Fall immunizations key to ward off 'tripledemic' of viruses, Ohio health officials say
Just as parents prepare for back to school, the Ohio Department of Health said everyone should prepare for the upcoming virus season.
Ohio is currently seeing a modest rise in Covid-19 cases, while numbers are still very low compared to this time last year, ODH director Dr. Bruce Vanderhoff said during a news conference Thursday.
However, he advised people to prepare for the fall and winter, which will undoubtedly include COVID-19, influenza and RSV again. Last year’s tripledemic stretched resources in Northeast Ohio hospitals.
“The best way for us to protect ourselves from these three respiratory viruses is to keep up to date with the appropriate vaccinations,” said Vanderhoff.
He recommended the updated bivalent COVID-19 vaccine for those who are over the age of 60 or immunocompromised.
Doctors said they expect the new RSV vaccine approved last month by the FDA, which he said would be available this fall, to help prevent illness.
Respiratory syncytial virus, commonly called RSV, is a common childhood illness that can become serious in infants. Last year’s RSV season was the worst one in years, as the number of cases jumped to five times the state’s average, Vanderhoff said.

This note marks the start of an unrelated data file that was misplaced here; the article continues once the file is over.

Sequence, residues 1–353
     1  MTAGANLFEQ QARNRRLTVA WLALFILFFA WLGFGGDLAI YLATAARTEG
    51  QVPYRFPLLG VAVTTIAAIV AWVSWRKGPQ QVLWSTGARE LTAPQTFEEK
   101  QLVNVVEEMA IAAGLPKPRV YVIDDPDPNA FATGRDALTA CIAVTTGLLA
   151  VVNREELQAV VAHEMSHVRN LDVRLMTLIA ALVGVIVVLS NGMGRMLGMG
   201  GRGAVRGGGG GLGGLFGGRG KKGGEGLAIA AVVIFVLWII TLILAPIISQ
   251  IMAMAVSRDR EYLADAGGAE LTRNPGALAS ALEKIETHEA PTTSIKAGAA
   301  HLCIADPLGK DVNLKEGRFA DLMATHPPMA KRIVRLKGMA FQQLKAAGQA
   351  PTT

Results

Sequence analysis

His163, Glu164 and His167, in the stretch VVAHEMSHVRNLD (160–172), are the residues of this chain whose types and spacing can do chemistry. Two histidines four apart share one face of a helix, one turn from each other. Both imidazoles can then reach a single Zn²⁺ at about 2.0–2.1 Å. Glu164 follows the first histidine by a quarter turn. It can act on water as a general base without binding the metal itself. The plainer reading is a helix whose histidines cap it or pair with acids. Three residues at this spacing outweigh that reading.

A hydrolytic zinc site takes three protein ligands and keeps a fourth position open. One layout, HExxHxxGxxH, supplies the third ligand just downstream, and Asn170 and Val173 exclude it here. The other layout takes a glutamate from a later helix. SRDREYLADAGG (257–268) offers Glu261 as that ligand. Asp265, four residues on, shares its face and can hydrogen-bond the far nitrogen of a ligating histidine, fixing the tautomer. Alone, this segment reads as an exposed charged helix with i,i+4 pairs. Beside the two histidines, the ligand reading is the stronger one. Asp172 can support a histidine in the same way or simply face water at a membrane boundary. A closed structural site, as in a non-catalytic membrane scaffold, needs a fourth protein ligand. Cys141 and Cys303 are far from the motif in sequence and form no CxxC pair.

The RSV vaccine could be a “real game-changer” in that it will likely mean fewer babies get seriously ill from the common childhood infection, said Akron Children’s Hospitals’ Dr. Michael Forbes.
“It reduces the chances or the risk of a medically-attended RSV-related encounter by about 70% overall and reduces hospitalization by almost 75%,” he said.
For this year, the CDC recommends babies younger than eight months and those younger than two years if they have underlying health conditions should get the vaccine.
Vanderhoff said the vaccine will be free of charge for families who don’t have insurance or whose insurance doesn’t cover vaccines.